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Prejudice caused to broadcaster by TV channel’s placement has to be established: TDSAT

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NEW DELHI: The Telecom Disputes Settlement and Appellate Tribunal (TDSAT) has rejected the demand by Sun Distribution Services for placement of three Malayalam channels on numbers of their choice on Asianet Satellite Communications Ltd.

Sun wanted restoration of its three channels - Surya, Kiran TV and Surya Music - to their original placements at 107, 144 and 146 respectively. It was said that after the hiatus of a few days when these were off air due to technical glitches (according to Asianet) the three channels are now being shown at LCN 648, 664 and 668. 

TDSAT chairman Aftab Alam and members Kuldip Singh and B B Srivastava said no case is made out for any direction to the respondent to restore the LCN placements of the petitioner’s three channels by way of an interim order. 

While accepting the terms in the interconnect agreement that the subscriber operator would ensure that no subscribed channel would be disadvantaged or otherwise treated less favourably with respect to the competing channels on a genre basis, the Tribunal said no case had been made out in support of this.  

Whether or not the change in placement has caused any disadvantage or amounts to inferior treatment with respect to competing channels on a genre basis is a pure question of fact, which can be gone into only after evidences are led by the two sides, the Tribunal said while posting the matter before the Registrar’s court on 17 March for getting the pleadings completed, framing of issues and taking evidences.

Sun had initially filed the petition agitating the grievance that Asianet had discontinued the supply of its signals on its network without any notice and in violation of the Regulations. The petition was filed on 14 January but when it came up before the Tribunal the next day, it was stated that the broadcast of channels was resumed on the respondent’s network but their placements were changed causing much prejudice to the petitioner.  

Noticing this grievance of the broadcaster, the petition was adjourned to enable the counsel for Asianet to get proper instructions in the matter. 

Thereafter Sun filed an affidavit on 28 January and its reply was filed by Asianet the next day.

Sun Counsel Abhishek Malhotra strongly contended that the Asianet action in changing the placements of the channels was in violation of the Regulations and the terms of the agreements.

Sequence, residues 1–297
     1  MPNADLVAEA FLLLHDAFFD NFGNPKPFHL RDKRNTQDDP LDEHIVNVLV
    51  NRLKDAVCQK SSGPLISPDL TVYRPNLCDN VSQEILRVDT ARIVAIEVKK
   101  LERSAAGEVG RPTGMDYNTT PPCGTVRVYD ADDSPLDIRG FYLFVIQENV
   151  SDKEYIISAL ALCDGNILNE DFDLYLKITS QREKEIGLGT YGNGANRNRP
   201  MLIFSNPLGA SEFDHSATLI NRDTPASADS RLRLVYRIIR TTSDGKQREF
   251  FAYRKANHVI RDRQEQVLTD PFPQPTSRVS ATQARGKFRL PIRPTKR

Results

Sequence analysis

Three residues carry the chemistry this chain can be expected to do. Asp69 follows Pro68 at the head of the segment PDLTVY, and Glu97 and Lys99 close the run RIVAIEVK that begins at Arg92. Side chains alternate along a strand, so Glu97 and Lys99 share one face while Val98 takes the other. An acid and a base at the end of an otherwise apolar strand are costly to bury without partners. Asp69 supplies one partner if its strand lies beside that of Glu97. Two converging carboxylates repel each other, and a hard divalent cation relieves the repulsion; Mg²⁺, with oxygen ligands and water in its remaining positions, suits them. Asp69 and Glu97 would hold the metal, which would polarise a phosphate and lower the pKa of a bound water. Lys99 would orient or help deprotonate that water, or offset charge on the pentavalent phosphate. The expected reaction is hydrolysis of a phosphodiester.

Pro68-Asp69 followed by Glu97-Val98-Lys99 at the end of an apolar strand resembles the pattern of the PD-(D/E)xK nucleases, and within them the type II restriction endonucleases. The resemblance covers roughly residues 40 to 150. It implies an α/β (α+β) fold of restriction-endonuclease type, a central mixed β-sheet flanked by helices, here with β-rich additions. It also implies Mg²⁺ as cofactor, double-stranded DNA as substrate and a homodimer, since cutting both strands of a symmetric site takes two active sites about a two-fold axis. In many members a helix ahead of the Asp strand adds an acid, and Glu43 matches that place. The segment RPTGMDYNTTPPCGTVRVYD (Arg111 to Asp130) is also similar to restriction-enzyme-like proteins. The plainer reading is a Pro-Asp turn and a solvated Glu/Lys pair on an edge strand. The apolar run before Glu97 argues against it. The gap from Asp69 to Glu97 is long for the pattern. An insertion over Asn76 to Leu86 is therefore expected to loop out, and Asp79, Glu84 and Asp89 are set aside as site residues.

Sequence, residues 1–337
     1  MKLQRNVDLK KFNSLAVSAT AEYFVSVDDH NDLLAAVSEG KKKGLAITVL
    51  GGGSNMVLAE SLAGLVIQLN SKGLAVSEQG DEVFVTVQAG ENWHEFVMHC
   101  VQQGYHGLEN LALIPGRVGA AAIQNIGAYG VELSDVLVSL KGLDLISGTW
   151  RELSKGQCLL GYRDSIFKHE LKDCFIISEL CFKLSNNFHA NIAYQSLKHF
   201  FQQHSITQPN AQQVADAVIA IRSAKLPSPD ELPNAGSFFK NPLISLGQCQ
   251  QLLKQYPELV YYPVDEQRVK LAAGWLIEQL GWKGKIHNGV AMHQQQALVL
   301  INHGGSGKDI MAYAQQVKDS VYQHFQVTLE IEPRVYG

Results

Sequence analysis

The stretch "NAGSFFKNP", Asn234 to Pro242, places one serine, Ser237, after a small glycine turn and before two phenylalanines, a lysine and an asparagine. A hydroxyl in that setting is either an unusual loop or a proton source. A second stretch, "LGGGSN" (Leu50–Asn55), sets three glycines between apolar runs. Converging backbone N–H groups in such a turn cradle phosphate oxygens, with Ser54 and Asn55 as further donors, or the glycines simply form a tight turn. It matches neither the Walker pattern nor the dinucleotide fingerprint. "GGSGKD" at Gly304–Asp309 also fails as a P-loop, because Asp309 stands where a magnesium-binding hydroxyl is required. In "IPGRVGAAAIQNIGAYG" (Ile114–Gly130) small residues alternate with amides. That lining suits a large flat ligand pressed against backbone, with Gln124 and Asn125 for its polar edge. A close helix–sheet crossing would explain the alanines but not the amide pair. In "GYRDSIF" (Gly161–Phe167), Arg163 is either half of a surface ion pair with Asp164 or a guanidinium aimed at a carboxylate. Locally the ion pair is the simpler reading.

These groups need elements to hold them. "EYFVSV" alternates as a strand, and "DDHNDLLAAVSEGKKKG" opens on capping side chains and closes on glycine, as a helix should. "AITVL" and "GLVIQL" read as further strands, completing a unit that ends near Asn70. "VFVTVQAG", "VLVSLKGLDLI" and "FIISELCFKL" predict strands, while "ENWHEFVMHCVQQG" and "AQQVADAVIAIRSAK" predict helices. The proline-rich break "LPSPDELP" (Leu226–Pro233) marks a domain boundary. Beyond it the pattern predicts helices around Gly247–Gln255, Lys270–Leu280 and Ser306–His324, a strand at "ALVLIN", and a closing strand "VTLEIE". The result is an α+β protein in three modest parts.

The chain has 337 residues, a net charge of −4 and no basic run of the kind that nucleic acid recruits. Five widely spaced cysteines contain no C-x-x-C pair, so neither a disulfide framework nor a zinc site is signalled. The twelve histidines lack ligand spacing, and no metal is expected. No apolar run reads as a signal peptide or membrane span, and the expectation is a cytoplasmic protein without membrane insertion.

Asianet counsel Navin Chawla submitted that there was no violation of any Regulations or the terms of agreement in shifting the positions of the three channels and the respondent was fully entitled to place the channels as and where it suited its interests.

The two sides have been in interconnect relationship for the past several years. In the past, the agreements between the two sides were based on mutual negotiations and the petitioner’s three channels were consistently placed at LCN 107 (Surya), 144 (Kiran TV) and 146 (Surya Music). The parties executed a fresh agreement on 31 December, 2015 to take effect from 1 January, 2016 covering Kerala that came under the Digital Addressable System (DAS) regime in Phase-III. 

The present agreement, unlike the previous agreements, is based on the Sun’S RIO. It is well known that a distributor accepts the RIO based agreement only as a measure of last resort.

Malhotra submitted that the three channels belong to “GEC (Malayalam)”, “Movies (Malayalam)” and “Music (Malayalam)” genres respectively and Asianet was legally obliged to put them in the genres to which each of them belonged. He further submitted that at LCN 107, 144 and 146, the three channels were rightly placed in their respective genres but at LCN 648, 664 and 668, those channels are placed among channels, which do not belong to their respective genres. 

However, Chawla said the three channels, which were earlier in Malayalam Package-I were now in Malayalam Package-II among all the Malayalam language channels and the only grouse of Sun was that they had been assigned distant numbers.  

The Tribunal, which saw the earlier and present groupings found that in the present grouping, the number of GEC channels in its neighbourhood had become relatively fewer. Chawla sought to justify the change by stating that it was open to the Asianet to make language based groupings rather than content based groupings and all the three channels of Sun continued to be in the Malayalam group.

Malhotra drew attention to Regulation 5[14(A)], [14(B)] and [14(C)] of the Telecommunication (Broadcasting and Cable Services) Interconnection (Digital Addressable Cable Television Systems) (First Amendment) Regulations 2012.  The Regulations said, “The multi system operator will place the channels of a broadcaster in the genre declared by such broadcaster and no broadcaster shall demand from the multi-system operator to assign a particular number of its channels.”

Thus, the Tribunal noted that while prima facie Sun was right, the fact remained that there was nothing to show that Sun made the declaration regarding the genres of the three channels to the distributor at the time of execution of the agreement.

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